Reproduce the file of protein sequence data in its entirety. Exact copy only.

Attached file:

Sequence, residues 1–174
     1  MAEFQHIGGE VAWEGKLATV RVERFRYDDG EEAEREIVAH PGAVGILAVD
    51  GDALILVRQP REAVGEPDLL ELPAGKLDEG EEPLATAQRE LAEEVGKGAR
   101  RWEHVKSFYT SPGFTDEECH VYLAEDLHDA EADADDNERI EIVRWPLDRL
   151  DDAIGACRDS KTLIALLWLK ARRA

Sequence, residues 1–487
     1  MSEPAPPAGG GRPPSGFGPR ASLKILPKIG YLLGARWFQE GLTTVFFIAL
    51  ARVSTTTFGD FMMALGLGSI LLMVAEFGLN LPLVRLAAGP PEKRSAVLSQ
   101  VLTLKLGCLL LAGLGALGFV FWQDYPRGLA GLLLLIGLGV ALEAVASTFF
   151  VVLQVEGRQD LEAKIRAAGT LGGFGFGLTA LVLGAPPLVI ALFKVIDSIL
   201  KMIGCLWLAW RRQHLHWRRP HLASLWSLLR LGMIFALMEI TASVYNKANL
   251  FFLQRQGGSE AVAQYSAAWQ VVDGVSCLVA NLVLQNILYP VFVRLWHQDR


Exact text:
Sequence, residues 1–174
     1  MAEFQHIGGE VAWEGKLATV RVERFRYDDG EEAEREIVAH PGAVGILAVD
    51  GDALILVRQP REAVGEPDLL ELPAGKLDEG EEPLATAQRE LAEEVGKGAR
   101  RWEHVKSFYT SPGFTDEECH VYLAEDLHDA EADADDNERI EIVRWPLDRL
   151  DDAIGACRDS KTLIALLWLK ARRA

Sequence, residues 1–487
     1  MSEPAPPAGG GRPPSGFGPR ASLKILPKIG YLLGARWFQE GLTTVFFIAL
    51  ARVSTTTFGD FMMALGLGSI LLMVAEFGLN LPLVRLAAGP PEKRSAVLSQ
   101  VLTLKLGCLL LAGLGALGFV FWQDYPRGLA GLLLLIGLGV ALEAVASTFF
   151  VVLQVEGRQD LEAKIRAAGT LGGFGFGLTA LVLGAPPLVI ALFKVIDSIL
   201  KMIGCLWLAW RRQHLHWRRP HLASLWSLLR LGMIFALMEI TASVYNKANL
   251  FFLQRQGGSE AVAQYSAAWQ VVDGVSCLVA NLVLQNILYP VFVRLWHQDR